I hung out with Pentecostals in college. This had the potential to make me legalistic and mean. I also got into reading the contemplatives, some of them at least, and this saved me from it, more or less. So I inadvertently got straight into what meditators would consider a more advanced method, and skipped the usual stuff with mantras and that. It's not the same to sit inside as it was in the chapel. (I had a key; it was a separate building.) The closest it comes is being on the water at night. But sometimes just sitting and looking at tree shadows is okay. I have a strong affinity for water; I have a strong affinity for sky. I'm at home with vast, unfathomable expanses.

But none of this, where I stand and what I believe now, hinges on whether or not God exists. The flip side of vast emptiness is a universe teeming with existence. It's all one: there is God, there is no God; The use of theistic language is because the language is familiar to me; it's also an easy enough way of communicating with others. I can't speak easily in the Buddhist paradigm, but the nondual one is somewhat closer.

Nonetheless, there's certainly something to believe as extant. Not wishfully. The occasional verifiable experience that was, at the time, information not known by conventional means, cannot be dismissed, is too specific to be accident. Call it God, the Holy Spirit, the third eye, intuition, a sixth sense, however various people explain things. How that affects life as a daily thing (besides, probably profoundly and constantly) I don't know. But there's always that set of experiences - my experiences - that I can't deny. I don't expect any reasonable person who hasn't had similar experiences to go believing anything based on mine. Fellow travelers, all. Anything I know to be true - some would call this belief but to me it's more internalized and profound - is by my own experience. Dangerous to make oneself the judge; I trust my judgment more than most peoples'. And there's very little, it's not specific, and if anything, it's only made me aware of how little I really understand.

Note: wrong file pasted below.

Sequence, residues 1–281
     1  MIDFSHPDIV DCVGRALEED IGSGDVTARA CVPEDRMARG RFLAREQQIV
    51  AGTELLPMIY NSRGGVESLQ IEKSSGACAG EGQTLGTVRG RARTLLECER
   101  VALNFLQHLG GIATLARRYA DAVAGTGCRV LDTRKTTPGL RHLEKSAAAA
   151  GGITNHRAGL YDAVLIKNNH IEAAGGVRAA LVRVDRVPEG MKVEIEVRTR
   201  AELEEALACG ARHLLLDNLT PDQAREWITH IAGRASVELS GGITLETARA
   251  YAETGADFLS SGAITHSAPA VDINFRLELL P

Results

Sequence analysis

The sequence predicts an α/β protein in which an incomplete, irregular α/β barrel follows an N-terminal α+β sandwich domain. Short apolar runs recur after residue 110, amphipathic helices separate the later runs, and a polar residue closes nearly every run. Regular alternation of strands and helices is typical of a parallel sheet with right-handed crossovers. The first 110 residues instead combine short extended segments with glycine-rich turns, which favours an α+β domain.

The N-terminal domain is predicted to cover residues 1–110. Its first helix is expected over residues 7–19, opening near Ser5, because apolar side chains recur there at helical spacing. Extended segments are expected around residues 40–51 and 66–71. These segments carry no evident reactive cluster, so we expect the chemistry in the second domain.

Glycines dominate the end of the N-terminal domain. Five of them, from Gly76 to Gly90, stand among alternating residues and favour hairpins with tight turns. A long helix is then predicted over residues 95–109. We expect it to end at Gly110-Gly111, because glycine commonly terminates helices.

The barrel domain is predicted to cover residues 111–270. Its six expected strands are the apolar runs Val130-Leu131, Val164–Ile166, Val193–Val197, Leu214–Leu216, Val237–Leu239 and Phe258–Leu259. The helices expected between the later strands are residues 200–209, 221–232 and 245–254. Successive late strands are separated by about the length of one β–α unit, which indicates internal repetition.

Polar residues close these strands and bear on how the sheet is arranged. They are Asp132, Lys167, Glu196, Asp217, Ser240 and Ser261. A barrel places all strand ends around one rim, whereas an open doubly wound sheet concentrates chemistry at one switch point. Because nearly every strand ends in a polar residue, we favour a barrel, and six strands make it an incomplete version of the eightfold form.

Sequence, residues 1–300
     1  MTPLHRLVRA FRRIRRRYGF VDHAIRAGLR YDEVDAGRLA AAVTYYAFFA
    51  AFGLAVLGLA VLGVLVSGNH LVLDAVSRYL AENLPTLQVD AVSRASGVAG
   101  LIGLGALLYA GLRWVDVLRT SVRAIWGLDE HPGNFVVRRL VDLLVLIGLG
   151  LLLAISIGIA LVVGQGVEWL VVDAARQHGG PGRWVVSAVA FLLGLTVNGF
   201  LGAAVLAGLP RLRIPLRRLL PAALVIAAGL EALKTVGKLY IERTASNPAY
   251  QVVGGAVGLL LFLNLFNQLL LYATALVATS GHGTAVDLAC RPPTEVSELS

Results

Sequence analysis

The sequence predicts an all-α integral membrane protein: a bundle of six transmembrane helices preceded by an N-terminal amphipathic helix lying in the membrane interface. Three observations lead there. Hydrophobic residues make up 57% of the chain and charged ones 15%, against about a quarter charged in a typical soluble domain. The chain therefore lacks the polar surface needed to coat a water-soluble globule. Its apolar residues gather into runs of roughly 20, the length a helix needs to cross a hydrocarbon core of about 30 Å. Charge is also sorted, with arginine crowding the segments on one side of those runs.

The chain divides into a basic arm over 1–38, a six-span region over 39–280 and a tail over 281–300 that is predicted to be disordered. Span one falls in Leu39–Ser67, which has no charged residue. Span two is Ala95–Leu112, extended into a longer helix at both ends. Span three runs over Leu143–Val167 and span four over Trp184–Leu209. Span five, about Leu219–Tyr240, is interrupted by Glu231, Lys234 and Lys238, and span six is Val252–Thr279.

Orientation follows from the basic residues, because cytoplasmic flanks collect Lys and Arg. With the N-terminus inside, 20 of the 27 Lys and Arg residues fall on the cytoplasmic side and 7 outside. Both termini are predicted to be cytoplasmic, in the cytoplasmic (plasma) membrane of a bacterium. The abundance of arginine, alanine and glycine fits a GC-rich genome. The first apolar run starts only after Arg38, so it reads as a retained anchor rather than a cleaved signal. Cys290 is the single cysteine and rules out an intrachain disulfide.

At this point you're either with me or you're not, but if things are going on the table, then there ya go.

Sunday, July 12, 2009

Ride Report, 12 July 09

32.2mi, 19mph avg? rolling at 18-22mph, wind from NE at 8mph, 76f. northbound! damen-ravenswood-sheridan-tower road-old green bay road-glencoe beach, similar return route.

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baby blue, the sunday bike, at destination. except it wasn't my destination, it's just where i decided to turn around so i wouldn't get lost going back.

7 July 2009 - Ride Report

33 miles rolling 18-22. lakefront-friends'-wells-harrison-canal-archer-california-something-sacramento/humbolt-milwaukee-cicero-lawrence.

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Yes, please view the larger map... all the extra data points are to force it to use the route I took, as opposed to whatever Google thinks is most convenient by car. But still, pretty rad. And, wonder of wonders, you can use the street view, too!

Photo at C: I have always, always liked this building. The nice thing about just being "out for a ride" is that when something catches one's attention, one can make a detour to explore. Click for fullsize.

Photo at G: I love the plant in the background, but seeing the tug and barge was a special treat. Click for fullsize.

Saturday, July 11, 2009

Personal Strengths and Career Weaknesses

More career evaluation stuff from Dad. Transcribed from a scan. (I'll be considering these for myself, of course...)


In order that we may have some understanding of your personal strengths, please check any of the words listed below which you feel other people in your working environment might use to describe you (eg superiors, peers, customers, and general business associates)

good natured
sense of humor

Listed below are the common factors which can eliminate job candidates from employment consideration. Please review this list carefully. Then, check only those items which potential employers MIGHT negatively attribute to you, IN VIEW OF YOUR OBJECTIVES. For example, if you were seeking to become a University PResident, but did not have post-graduate degrees, potential employers might view you as a candidate with insufficient formal education. Please be completely forthright. We need to understand the way you view your position, in order to minimize or compensate for any potentially negative factors.